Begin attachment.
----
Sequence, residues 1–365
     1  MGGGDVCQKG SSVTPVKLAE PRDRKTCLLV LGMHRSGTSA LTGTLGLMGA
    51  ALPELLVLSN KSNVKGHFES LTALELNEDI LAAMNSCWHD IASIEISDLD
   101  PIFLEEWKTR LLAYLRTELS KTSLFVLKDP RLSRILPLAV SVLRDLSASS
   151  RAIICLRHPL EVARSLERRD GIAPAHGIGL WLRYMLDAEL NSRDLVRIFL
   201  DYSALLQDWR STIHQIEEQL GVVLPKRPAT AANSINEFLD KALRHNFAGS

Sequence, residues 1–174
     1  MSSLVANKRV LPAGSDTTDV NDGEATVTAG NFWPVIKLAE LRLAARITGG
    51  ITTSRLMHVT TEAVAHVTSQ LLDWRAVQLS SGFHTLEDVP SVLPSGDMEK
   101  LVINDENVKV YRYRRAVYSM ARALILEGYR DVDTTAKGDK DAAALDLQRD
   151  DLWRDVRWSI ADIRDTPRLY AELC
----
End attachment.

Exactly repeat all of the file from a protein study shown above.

Sequence, residues 1–365
     1  MGGGDVCQKG SSVTPVKLAE PRDRKTCLLV LGMHRSGTSA LTGTLGLMGA
    51  ALPELLVLSN KSNVKGHFES LTALELNEDI LAAMNSCWHD IASIEISDLD
   101  PIFLEEWKTR LLAYLRTELS KTSLFVLKDP RLSRILPLAV SVLRDLSASS
   151  RAIICLRHPL EVARSLERRD GIAPAHGIGL WLRYMLDAEL NSRDLVRIFL
   201  DYSALLQDWR STIHQIEEQL GVVLPKRPAT AANSINEFLD KALRHNFAGS

Sequence, residues 1–174
     1  MSSLVANKRV LPAGSDTTDV NDGEATVTAG NFWPVIKLAE LRLAARITGG
    51  ITTSRLMHVT TEAVAHVTSQ LLDWRAVQLS SGFHTLEDVP SVLPSGDMEK
   101  LVINDENVKV YRYRRAVYSM ARALILEGYR DVDTTAKGDK DAAALDLQRD
   151  DLWRDVRWSI ADIRDTPRLY AELC